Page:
Besançon, France features rolling hills, a winding river, white stone buildings, and an impressive 17th-century fort. The city is known as the Capital of Time for its contributions to watchmaking, and offers related museums and historic sites. It also has a pretty hard-to-pronounce name (it’s buh-zahn-sahn, by the way).
If you haven’t heard of Besançon, you’re not alone. I hadn’t heard of it either, until I was living in nearby Dijon, France, where I taught English at the local university. Even my roommates hadn’t heard of it, and they’d been living in the area for a couple years.
During my year in Dijon, I got to be relatively familiar with Besançon. I actually liked it so much that I went three times!
Despite being one of the loveliest cities in France, Besançon remains under the radar for most travelers. I think more people should know about it, so here’s my travel guide to Besançon—it includes recommendations for things to do, where to eat, and where to stay. Stay till the end for a free, interactive map!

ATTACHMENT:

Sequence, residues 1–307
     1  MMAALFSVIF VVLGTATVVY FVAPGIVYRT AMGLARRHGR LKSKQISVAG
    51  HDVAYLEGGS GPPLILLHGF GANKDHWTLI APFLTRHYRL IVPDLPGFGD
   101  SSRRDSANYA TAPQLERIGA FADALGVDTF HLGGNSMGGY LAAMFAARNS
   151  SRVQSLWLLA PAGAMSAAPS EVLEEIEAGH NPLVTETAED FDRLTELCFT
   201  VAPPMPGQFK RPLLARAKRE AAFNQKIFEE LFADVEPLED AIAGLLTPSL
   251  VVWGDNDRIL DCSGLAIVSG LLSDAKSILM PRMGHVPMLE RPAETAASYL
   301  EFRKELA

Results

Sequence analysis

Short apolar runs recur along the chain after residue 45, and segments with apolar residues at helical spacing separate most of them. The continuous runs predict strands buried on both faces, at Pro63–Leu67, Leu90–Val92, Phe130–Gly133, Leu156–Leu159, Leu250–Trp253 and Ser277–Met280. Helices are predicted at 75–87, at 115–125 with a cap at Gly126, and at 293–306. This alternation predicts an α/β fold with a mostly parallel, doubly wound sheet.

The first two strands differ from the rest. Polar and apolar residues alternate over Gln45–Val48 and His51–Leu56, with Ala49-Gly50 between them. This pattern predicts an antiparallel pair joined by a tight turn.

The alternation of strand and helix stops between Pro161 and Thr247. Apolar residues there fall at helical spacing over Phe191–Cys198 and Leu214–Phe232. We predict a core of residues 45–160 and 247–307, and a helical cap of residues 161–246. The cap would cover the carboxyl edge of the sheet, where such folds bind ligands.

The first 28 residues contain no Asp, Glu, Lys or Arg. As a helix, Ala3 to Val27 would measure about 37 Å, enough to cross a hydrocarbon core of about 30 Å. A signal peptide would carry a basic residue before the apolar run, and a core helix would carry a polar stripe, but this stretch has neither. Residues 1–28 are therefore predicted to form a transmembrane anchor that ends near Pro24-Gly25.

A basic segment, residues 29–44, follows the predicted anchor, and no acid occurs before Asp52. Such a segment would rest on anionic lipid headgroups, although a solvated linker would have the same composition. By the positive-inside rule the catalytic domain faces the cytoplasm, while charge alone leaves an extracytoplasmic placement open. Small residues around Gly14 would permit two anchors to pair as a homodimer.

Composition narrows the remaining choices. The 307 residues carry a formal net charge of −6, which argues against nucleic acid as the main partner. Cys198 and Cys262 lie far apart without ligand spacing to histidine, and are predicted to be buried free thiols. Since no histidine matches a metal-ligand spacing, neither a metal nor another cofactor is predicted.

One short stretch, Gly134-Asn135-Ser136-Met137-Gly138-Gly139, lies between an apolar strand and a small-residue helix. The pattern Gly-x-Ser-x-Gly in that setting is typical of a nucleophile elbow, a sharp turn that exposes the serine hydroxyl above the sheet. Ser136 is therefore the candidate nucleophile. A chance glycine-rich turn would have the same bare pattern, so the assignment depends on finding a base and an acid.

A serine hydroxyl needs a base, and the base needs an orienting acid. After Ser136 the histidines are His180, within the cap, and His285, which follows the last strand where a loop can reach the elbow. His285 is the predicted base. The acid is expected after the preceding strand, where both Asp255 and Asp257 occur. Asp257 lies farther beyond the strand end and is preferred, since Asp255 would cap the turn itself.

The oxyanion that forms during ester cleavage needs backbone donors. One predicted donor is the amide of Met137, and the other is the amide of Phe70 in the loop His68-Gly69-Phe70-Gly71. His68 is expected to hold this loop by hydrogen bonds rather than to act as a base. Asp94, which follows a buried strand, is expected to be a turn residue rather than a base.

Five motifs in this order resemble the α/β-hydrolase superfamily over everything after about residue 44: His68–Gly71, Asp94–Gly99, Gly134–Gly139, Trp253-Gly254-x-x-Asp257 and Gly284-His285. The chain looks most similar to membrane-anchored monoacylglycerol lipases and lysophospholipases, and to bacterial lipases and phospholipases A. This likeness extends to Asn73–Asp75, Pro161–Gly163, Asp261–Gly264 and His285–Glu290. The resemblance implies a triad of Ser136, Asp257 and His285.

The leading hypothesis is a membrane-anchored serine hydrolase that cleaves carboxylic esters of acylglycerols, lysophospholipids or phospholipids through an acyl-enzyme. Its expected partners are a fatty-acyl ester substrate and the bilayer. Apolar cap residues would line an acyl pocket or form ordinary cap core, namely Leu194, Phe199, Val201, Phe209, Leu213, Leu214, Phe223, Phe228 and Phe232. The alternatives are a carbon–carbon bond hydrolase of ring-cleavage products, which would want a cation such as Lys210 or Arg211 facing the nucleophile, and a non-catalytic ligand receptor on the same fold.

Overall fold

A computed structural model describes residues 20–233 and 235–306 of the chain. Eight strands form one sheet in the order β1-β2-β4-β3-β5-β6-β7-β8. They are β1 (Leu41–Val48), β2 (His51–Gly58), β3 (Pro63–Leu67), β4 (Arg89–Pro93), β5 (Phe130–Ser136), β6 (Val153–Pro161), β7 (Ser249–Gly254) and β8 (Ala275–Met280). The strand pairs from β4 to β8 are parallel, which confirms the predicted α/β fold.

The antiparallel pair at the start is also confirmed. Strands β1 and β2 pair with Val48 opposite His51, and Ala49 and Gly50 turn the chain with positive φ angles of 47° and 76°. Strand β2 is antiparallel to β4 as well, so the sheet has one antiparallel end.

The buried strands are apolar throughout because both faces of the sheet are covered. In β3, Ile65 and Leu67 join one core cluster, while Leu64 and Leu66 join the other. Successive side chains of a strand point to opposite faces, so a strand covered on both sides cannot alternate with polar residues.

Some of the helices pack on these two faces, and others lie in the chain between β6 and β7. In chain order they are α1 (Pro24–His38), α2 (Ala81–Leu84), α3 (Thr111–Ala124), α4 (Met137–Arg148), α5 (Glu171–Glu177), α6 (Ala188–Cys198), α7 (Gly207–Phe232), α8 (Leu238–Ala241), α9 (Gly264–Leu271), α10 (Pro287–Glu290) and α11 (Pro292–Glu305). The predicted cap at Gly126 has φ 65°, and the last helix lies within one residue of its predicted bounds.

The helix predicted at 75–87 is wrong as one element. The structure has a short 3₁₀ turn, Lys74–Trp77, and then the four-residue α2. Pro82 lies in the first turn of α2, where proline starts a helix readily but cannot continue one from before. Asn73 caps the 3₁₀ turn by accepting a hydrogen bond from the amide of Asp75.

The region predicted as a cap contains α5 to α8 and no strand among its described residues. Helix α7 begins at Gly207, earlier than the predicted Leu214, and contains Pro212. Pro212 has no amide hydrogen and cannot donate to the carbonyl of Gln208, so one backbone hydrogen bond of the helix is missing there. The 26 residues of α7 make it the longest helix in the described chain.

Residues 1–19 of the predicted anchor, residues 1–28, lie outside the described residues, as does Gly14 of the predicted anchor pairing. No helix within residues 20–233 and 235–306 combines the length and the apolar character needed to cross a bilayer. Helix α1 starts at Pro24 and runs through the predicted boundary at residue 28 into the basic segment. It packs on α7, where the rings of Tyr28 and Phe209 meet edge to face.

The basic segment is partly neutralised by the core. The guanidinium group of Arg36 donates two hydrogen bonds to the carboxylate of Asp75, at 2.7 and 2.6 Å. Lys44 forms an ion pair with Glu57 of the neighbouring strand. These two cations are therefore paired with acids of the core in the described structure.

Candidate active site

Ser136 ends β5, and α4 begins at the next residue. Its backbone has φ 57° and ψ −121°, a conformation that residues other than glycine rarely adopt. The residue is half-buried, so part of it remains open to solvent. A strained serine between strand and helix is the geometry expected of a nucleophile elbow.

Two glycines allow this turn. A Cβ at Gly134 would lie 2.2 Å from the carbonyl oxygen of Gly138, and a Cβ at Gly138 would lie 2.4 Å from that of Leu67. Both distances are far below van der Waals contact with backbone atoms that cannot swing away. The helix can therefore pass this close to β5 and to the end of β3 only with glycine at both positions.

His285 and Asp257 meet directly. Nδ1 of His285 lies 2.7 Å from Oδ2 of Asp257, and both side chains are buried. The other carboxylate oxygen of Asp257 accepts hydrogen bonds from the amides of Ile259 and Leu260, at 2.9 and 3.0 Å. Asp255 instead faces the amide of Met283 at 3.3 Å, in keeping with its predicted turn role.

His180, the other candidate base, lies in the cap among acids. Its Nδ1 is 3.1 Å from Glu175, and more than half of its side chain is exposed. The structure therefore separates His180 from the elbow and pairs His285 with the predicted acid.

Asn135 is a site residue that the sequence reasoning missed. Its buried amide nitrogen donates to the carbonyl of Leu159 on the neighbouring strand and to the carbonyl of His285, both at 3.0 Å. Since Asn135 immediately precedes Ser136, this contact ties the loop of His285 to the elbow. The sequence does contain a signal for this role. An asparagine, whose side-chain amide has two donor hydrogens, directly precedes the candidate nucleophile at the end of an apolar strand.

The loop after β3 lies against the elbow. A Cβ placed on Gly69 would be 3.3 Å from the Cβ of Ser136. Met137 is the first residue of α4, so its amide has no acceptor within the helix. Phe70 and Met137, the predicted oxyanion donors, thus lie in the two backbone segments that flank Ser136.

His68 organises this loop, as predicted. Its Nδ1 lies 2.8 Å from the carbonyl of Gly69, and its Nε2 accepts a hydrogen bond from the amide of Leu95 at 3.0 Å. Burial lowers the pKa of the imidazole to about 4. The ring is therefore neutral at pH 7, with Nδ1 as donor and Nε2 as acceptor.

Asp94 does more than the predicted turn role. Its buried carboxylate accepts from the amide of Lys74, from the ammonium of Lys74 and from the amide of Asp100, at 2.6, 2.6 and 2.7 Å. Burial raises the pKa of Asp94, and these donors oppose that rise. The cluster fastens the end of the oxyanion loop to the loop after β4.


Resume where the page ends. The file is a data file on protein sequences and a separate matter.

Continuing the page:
Note: I’m not encouraging international travel at this time. This post is meant to be saved for later, or be some inspiration for people living nearby, who have never visited.
Fast Facts About Besançon
- The population is around 120,000; it’s small enough to visit in a day, but large enough to spend more time there.
- Victor Hugo (French writer best known for Les Misérables) and the Lumière brothers (inventors of film projection) were born in Besançon.
- The city is part of the Franche-Comté region and is known for its cheese.
- Besançon is home to a UNESCO World Heritage Site—a citadel from the 17th century.
- The EuroVelo 6 route (long-distance bike route) from the Atlantic to the Black Sea runs through the city.
- The city’s watchmaking industry formally began after the French Revolution, as the government no longer wanted to rely on England and Switzerland for imports. Besançon was chosen as a production center for its proximity to Switzerland.